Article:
It struck us over the weekend that a lot of people who read this site have
only known one Pope. It's probably a great thing, if you only have
known of one, to have known this one.
And for just about everyone, John Paul II redefined a lot of things.
The Pope wasn't supposed to have, much less exercise, serious political
power. Yet with only the strength of his faith and a fearless voice, he
greatly changed the world. He had a lot to do with the collapse of
Communism. In hindsight, it seems inevitable. But for those who grew
up when it was a great darkness hanging over the West, John F. Kennedy's
suggestion of a twilight struggle seemed on the mark.
The man simply never backed down from what he believed in, and that's rare
Perhaps the most amazing moment in his papacy was when he went to Poland and
met General Jaruzelski (we probably massacred his name), then the leader of the
Communist government there. When John Paul stepped off the plane,
Jaruzelski, quite visibly, was shaking.
Then watching his many trips, the hope he brought to people, and his
insistence that the poor and desolate be loved as well: that would be enough of
He also made amends with Jews, who were persecuted far too often by the
Church, and reached out to the Orthodox Church and to Islam as well.
Perhaps the most stirring thing we learned this weekend was the broad respect
he enjoyed in the Middle East. We didn't realize he was so well thought of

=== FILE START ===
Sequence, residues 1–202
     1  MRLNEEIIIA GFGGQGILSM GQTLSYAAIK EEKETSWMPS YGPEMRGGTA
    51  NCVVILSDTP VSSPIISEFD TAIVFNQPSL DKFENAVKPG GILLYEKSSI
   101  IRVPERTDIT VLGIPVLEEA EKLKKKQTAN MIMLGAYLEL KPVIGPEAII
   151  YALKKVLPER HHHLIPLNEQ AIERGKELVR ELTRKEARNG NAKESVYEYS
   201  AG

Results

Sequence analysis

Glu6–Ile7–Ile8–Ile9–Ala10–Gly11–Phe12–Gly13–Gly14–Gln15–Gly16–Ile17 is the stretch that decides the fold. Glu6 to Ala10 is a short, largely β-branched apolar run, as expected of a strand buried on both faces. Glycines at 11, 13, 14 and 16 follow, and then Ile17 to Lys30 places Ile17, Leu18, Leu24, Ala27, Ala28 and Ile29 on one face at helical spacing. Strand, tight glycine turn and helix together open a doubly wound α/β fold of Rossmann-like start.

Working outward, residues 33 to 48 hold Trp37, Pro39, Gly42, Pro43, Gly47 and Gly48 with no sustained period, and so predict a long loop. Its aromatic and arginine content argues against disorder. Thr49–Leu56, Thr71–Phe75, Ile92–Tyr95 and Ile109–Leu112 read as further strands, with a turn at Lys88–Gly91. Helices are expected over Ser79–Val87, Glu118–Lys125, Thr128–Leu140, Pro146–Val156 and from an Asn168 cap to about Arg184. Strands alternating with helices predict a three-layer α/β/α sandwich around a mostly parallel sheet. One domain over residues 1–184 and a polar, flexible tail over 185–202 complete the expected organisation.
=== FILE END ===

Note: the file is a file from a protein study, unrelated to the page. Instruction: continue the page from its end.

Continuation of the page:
He's certainly the most consequential Pope of modern times, and we'd have to
read more to learn of one who had a bigger impact on the world.
To be sure, not everyone loved everything he did. He welcomed Yasir
Arafat to the Vatican, which offended a great many Jews, and Tarik Aziz, who was
Saddam's partner in crimes against humanity. He made few friends among
feminists or homosexuals, opposing abortion, homosexuality, and opening the
priesthood to either married men or women. A lot of people strongly
But of whatever criticisms one may have of this Pope, none are more
lamentable than his failure to aggressively address the pedophilia among
This was a disaster for Catholicism and was dealt with more or less as a
misfortune. That's a shame and the greatest failing we can think of.
As dark and inexplicable as that is, though, it does not change the fact that
this morning, millions of people across the world who were enslaved when he
became Pope woke up this morning free. Millions more had hope where there was no
The old cliche is you should leave the world a better place than you found
it. Not many did a better job at that than John Paul II. Not bad for
a kid from Krakow.